When it comes to the feet/ankle platform, the main purpose is to protect the knees. When we have alignment of the 3 platforms, we can have better weight distribution and our joints can move more efficiently and effectively. To protect the knees during seated chair yoga, we can work to align the knees over the ankles, maintain the knees parallel (try not to have the thighs splaying outward), and we can elongate by pressing through all 4 corners of the feet evenly and lifting through the arches.
With yoga, or any exercise/activity, we always want to have stability (and breath!) first before we move.
So What Does This Mean For Function In Everyday Life?
Well, as we previously talked about, our foot and ankle complex is essential for balance reactions, stability, mobility, and protection of our knees. A healthy foot/ankle complex is needed for a safe and proper gait pattern. It is essential for helping us maintain standing balance even when we are not moving. Adding in some exercises for the feet and ankles doesn’t have to be difficult.
Think- standing at your bathroom or kitchen sink and performing a task such as washing your hands. Your feet may be planted on the floor, but there are subtle weight shifts happening that allow you to maintain your balance and have the stability to reach your hands forward and side to side.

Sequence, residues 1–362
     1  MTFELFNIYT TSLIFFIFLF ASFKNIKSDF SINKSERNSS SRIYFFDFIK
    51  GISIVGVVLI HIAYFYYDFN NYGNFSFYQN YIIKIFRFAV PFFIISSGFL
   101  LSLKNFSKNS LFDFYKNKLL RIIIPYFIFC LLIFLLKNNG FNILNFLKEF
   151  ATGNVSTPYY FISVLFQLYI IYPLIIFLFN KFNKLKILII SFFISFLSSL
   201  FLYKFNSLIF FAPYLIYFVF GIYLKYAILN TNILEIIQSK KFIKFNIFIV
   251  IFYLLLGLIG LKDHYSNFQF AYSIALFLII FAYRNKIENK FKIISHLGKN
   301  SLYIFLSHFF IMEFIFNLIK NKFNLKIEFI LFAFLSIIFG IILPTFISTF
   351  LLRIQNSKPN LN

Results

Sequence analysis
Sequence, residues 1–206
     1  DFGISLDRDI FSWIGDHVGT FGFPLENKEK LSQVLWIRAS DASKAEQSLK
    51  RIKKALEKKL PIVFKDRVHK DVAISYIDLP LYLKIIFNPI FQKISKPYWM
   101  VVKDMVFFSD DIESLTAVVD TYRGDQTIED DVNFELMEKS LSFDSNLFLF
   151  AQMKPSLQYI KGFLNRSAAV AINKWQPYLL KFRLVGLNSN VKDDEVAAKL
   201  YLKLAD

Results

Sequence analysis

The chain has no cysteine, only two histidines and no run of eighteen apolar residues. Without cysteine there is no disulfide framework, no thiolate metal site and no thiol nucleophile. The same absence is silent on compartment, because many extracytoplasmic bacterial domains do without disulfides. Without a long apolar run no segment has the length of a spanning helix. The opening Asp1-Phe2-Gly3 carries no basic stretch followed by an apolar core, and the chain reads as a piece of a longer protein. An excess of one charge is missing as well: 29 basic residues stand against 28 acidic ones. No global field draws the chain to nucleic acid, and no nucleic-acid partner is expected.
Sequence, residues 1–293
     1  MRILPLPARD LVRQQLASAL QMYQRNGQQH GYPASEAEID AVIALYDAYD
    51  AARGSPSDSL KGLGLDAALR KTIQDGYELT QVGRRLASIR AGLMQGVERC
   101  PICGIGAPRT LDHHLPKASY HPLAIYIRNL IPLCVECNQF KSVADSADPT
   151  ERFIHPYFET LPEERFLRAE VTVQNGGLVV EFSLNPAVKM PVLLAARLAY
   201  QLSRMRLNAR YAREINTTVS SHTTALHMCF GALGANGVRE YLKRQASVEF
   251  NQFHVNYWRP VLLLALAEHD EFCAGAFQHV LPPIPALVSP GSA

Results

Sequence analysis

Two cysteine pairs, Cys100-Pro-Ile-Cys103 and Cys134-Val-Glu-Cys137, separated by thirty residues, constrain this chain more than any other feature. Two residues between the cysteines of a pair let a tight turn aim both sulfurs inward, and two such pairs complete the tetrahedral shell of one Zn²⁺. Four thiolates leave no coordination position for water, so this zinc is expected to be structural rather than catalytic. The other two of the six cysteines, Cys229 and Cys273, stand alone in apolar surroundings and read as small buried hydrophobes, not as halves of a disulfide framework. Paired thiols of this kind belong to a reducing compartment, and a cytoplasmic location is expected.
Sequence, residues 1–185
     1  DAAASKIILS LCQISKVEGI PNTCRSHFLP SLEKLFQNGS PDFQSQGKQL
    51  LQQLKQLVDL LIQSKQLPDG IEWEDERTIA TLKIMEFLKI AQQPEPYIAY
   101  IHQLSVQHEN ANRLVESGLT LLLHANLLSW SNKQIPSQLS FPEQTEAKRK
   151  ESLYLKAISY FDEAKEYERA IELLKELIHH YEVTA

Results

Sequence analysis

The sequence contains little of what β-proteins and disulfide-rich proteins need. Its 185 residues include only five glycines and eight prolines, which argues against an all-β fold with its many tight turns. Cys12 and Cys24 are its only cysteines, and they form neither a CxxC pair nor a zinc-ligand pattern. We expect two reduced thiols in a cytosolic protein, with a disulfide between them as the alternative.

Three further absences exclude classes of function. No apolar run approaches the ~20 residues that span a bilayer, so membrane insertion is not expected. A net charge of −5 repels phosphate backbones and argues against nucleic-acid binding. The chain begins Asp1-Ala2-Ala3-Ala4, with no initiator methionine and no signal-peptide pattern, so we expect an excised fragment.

We also may not realize that we need a certain amount of movement in our ankles to stand up and sit down from a chair with ease or to climb stairs. Ankle movement might seem more obvious to us during walking activities. Although walking is a very complex task, a shuffling gait pattern may be the result of having limited dorsiflexion (or the ability to raise the toes up). Even if you are unable to walk, your feet and your ankle joints are helping you get up and down and in and out of all kinds of surfaces.
When it comes to the body, you may have heard the phrase that “it’s all connected” and that is very true. We actually have a layer of connective tissue called fascia that surrounds every structure inside our bodies- and it is all connected. (Check this article if you want a more in depth look at fascia).
So, if we work the feet we can actually have an effect on the whole body!
Try This Simple Exercise For The Feet:
- Get a tennis ball or any small ball. If you do not have a ball, you can use a water bottle or something similar